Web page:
Mechanisms of calcium sequestration by isolated Malpighian tubules of the house cricket Acheta domesticus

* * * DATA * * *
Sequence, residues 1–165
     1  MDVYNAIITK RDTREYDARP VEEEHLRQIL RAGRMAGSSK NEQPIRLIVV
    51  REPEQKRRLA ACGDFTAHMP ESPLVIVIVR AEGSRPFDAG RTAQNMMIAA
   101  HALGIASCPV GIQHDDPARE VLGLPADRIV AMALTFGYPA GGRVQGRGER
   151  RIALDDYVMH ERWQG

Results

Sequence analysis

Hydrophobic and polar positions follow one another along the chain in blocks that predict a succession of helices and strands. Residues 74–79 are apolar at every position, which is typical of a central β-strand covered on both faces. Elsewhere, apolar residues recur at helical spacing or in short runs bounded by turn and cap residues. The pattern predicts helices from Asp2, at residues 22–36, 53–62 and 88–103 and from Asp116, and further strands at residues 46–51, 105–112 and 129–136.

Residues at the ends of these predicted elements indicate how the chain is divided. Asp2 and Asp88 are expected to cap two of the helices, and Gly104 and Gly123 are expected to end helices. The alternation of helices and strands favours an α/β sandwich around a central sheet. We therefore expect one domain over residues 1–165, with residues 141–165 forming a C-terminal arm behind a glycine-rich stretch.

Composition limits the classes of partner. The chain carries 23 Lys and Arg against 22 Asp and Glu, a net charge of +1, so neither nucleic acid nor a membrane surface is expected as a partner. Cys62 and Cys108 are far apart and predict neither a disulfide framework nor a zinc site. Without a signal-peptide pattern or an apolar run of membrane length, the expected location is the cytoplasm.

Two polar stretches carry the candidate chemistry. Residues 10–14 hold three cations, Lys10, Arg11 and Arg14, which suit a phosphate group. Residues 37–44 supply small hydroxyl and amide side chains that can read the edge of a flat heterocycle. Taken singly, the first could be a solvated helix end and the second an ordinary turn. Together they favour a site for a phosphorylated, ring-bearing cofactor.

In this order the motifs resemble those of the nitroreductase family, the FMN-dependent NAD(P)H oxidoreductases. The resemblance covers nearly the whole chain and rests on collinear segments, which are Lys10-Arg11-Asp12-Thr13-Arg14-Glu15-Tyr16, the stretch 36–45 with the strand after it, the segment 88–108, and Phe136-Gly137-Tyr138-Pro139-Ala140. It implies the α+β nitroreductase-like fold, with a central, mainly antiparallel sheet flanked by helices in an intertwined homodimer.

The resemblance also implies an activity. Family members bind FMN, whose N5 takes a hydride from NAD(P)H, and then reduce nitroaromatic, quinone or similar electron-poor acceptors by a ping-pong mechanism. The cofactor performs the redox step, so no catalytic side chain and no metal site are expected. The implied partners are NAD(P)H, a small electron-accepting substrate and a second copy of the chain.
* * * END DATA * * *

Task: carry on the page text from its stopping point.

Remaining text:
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Hemolymph calcium homeostasis in insects is achieved by the Malpighian tubules, primarily by sequestering excess Ca2+ within internal calcium stores (Ca-rich granules) most often located within type I (principal) tubule cells. Using both the scanning ion-selective electrode technique and the Ramsay secretion assay this study provides the first measurements of basolateral and transepithelial Ca2+ fluxes across the Malpighian tubules of an Orthopteran insect, the house cricket Acheta domesticus. Ca2+ transport was specific to midtubule segments, where 97% of the Ca2+ entering the tubule is sequestered within intracellular calcium stores and the remaining 3% is secreted into the lumen. Antagonists of voltage-gated (L-type) calcium channels decreased Ca2+ influx ≥fivefold in adenosine 3',5'-cyclic monophosphate (cAMP)-stimulated tubules, suggesting basolateral Ca2+ influx is facilitated by voltage-gated Ca2+ channels. Increasing fluid secretion through manipulation of intracellular levels of cAMP or Ca2+ had opposite effects on tubule Ca2+ transport. The adenylyl cyclase-cAMP-PKA pathway promotes Ca2+ sequestration whereas both 5-hydroxytryptamine and thapsigargin inhibited sequestration. Our results suggest that the midtubules of Acheta domesticus are dynamic calcium stores, which maintain hemolymph calcium concentration by manipulating rates of Ca2+ sequestration through stimulatory (cAMP) and inhibitory (Ca2+ ) regulatory pathways.
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